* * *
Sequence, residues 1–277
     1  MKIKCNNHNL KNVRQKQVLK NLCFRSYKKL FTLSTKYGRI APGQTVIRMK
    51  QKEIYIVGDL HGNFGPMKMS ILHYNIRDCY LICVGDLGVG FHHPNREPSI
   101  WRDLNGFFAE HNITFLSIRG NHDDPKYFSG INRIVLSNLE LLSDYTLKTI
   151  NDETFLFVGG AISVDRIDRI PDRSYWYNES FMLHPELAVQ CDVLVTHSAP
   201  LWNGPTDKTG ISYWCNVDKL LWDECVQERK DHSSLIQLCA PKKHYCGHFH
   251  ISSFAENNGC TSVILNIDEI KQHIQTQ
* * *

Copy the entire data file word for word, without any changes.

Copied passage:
Sequence, residues 1–277
     1  MKIKCNNHNL KNVRQKQVLK NLCFRSYKKL FTLSTKYGRI APGQTVIRMK
    51  QKEIYIVGDL HGNFGPMKMS ILHYNIRDCY LICVGDLGVG FHHPNREPSI
   101  WRDLNGFFAE HNITFLSIRG NHDDPKYFSG INRIVLSNLE LLSDYTLKTI
   151  NDETFLFVGG AISVDRIDRI PDRSYWYNES FMLHPELAVQ CDVLVTHSAP
   201  LWNGPTDKTG ISYWCNVDKL LWDECVQERK DHSSLIQLCA PKKHYCGHFH
   251  ISSFAENNGC TSVILNIDEI KQHIQTQ